Georgia Tech looking for answers on defense
ATLANTA (AP) — There is still pain and shock from a loss Paul Johnson describes as the worst of his five years at Georgia Tech.
There also is a big question for this week: How can Georgia Tech's defense hope to stop No. 15 Clemson's high-powered offense on Saturday after the Yellow Jackets were overwhelmed in last week's 49-28 loss to Middle Tennessee State?
There was a similar shortage of defensive stops in a 42-36 overtime loss to Miami two weeks ago.
Johnson said Tuesday he told his players he believes Georgia Tech (2-3, 1-2 ACC) is better than it showed in the back-to-back home losses.
"It's like I told them yesterday, I know that we're a better football team than we've played, and I'm not going to give up on them," Johnson said. "I don't want think they're going to give up on themselves. We'll keep grinding and keep going. In my mind, nothing is over. You keep playing."
The losses have left the spotlight on third-year defensive coordinator Al Groh, the former Virginia coach.
Johnson says he's paying more attention to defense while giving Groh room to find a way to end a trend of missed tackles and big plays allowed.
Asked if he has seen Groh make necessary adjustments, Johnson's response made it clear more fixes are needed.
"Well at times, but I'm not going to sit here and try to defend how we've played the last couple of weeks," Johnson said. "It'd be stupid because we've played terrible.
"I don't think the man (Groh) forgot everything he knew in the last two weeks, but ultimately we're responsible. You've got to get it on the field. It doesn't matter what you know, it's what happens and so we've got to do a better job of getting it on the field."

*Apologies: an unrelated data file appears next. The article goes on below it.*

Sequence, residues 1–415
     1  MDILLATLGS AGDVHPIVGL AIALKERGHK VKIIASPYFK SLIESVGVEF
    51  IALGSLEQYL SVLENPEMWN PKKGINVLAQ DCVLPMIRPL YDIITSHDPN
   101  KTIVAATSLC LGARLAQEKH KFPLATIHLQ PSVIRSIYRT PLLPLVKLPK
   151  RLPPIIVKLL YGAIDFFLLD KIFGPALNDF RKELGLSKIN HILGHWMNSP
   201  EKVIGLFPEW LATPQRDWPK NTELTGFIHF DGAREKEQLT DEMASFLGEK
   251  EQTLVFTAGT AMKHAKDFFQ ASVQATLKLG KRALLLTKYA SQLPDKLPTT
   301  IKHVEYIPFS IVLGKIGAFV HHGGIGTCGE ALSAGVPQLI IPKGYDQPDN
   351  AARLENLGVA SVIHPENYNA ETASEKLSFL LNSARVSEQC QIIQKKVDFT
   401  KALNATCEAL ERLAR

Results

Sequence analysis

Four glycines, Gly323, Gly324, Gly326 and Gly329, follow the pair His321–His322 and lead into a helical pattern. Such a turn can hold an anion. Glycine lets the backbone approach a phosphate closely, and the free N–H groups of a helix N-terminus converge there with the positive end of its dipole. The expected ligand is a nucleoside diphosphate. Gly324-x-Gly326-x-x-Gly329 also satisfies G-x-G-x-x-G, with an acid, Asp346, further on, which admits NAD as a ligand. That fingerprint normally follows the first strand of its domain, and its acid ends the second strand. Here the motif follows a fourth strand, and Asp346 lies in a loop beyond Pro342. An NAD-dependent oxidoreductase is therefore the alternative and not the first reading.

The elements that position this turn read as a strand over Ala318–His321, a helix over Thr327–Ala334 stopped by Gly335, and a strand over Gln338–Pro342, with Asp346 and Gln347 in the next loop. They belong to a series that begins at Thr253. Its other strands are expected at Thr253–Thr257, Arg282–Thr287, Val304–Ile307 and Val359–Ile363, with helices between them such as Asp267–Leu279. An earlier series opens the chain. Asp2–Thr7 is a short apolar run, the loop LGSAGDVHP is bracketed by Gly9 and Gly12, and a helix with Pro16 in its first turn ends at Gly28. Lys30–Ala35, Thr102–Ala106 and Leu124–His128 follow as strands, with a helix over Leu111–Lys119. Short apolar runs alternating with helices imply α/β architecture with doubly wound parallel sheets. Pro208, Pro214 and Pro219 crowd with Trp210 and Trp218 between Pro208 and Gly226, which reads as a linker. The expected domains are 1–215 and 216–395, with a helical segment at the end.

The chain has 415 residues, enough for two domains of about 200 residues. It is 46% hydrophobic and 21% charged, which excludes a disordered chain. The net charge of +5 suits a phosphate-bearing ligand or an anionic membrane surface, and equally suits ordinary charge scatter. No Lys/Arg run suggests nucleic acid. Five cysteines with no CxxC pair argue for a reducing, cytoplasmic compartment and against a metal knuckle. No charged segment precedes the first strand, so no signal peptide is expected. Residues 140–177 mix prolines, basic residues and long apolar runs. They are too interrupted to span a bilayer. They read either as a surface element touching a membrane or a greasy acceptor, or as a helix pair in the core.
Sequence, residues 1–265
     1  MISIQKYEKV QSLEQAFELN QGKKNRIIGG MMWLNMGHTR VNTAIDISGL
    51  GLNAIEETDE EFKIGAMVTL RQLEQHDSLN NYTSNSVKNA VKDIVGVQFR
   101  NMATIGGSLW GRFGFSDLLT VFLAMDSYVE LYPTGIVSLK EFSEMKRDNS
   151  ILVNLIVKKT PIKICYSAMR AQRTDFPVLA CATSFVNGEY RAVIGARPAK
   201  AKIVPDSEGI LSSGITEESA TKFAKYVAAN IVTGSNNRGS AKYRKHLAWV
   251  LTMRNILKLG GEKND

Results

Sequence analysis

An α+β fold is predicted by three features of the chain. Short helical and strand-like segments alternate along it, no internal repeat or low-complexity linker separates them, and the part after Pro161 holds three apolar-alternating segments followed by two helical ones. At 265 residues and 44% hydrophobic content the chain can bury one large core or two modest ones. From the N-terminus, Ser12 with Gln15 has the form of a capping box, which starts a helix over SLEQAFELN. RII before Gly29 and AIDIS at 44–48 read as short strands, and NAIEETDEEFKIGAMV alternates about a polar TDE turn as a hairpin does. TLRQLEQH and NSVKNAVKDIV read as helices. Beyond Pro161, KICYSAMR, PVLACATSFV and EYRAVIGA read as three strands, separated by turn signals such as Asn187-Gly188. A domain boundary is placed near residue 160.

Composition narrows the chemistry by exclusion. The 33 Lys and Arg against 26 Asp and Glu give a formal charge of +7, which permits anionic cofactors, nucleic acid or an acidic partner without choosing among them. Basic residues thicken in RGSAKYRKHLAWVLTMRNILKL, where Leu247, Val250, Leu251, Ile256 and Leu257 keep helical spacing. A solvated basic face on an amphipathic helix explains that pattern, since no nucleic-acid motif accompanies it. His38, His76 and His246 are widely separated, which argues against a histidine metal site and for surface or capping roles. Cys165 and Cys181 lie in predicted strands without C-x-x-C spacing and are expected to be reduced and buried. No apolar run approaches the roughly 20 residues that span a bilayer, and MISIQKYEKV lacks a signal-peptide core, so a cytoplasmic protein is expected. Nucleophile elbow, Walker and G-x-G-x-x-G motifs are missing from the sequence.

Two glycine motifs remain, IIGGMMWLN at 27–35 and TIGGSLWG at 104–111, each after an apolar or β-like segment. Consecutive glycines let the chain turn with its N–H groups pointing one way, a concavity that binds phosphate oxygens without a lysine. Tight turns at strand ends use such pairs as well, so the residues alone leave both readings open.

Johnson said he tries to determine if players are being asked to do too much.
"The last couple games we haven't done it very well, but I don't think we have asked them to do anything out of the ordinary," he said. "There have been some communication issues. Having said that, the bottom line is we have to tackle better, quit giving up the big plays, take better angles and every time the ball breaks the line of scrimmage it doesn't have to be a touchdown. There are a lot of things we can get better on. There are things we can get better on everywhere."
Clemson (4-1, 1-1 ACC) is averaging 40.2 points and more than 500 yards per game.
The Tigers boast balance with the ACC's leading rusher, Andre Ellington, and quarterback Tajh Boyd, who has passed for 12 touchdowns and completed almost 70 percent of his attempts.
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